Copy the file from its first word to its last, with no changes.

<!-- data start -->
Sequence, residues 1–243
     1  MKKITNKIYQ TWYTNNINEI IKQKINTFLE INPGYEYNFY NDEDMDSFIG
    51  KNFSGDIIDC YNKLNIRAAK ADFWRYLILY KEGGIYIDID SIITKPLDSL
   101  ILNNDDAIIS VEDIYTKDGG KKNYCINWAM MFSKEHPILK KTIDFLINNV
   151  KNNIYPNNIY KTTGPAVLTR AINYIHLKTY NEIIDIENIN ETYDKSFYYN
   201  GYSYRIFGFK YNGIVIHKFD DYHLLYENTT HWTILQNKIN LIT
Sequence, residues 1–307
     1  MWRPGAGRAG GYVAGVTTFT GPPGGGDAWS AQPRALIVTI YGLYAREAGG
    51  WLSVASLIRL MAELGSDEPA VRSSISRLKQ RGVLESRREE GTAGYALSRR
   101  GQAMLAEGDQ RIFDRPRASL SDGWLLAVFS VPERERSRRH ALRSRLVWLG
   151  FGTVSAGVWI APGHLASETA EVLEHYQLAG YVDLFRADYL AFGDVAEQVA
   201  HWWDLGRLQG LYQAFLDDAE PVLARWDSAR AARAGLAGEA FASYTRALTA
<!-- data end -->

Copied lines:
Sequence, residues 1–243
     1  MKKITNKIYQ TWYTNNINEI IKQKINTFLE INPGYEYNFY NDEDMDSFIG
    51  KNFSGDIIDC YNKLNIRAAK ADFWRYLILY KEGGIYIDID SIITKPLDSL
   101  ILNNDDAIIS VEDIYTKDGG KKNYCINWAM MFSKEHPILK KTIDFLINNV
   151  KNNIYPNNIY KTTGPAVLTR AINYIHLKTY NEIIDIENIN ETYDKSFYYN
   201  GYSYRIFGFK YNGIVIHKFD DYHLLYENTT HWTILQNKIN LIT
Sequence, residues 1–307
     1  MWRPGAGRAG GYVAGVTTFT GPPGGGDAWS AQPRALIVTI YGLYAREAGG
    51  WLSVASLIRL MAELGSDEPA VRSSISRLKQ RGVLESRREE GTAGYALSRR
   101  GQAMLAEGDQ RIFDRPRASL SDGWLLAVFS VPERERSRRH ALRSRLVWLG
   151  FGTVSAGVWI APGHLASETA EVLEHYQLAG YVDLFRADYL AFGDVAEQVA
   201  HWWDLGRLQG LYQAFLDDAE PVLARWDSAR AARAGLAGEA FASYTRALTA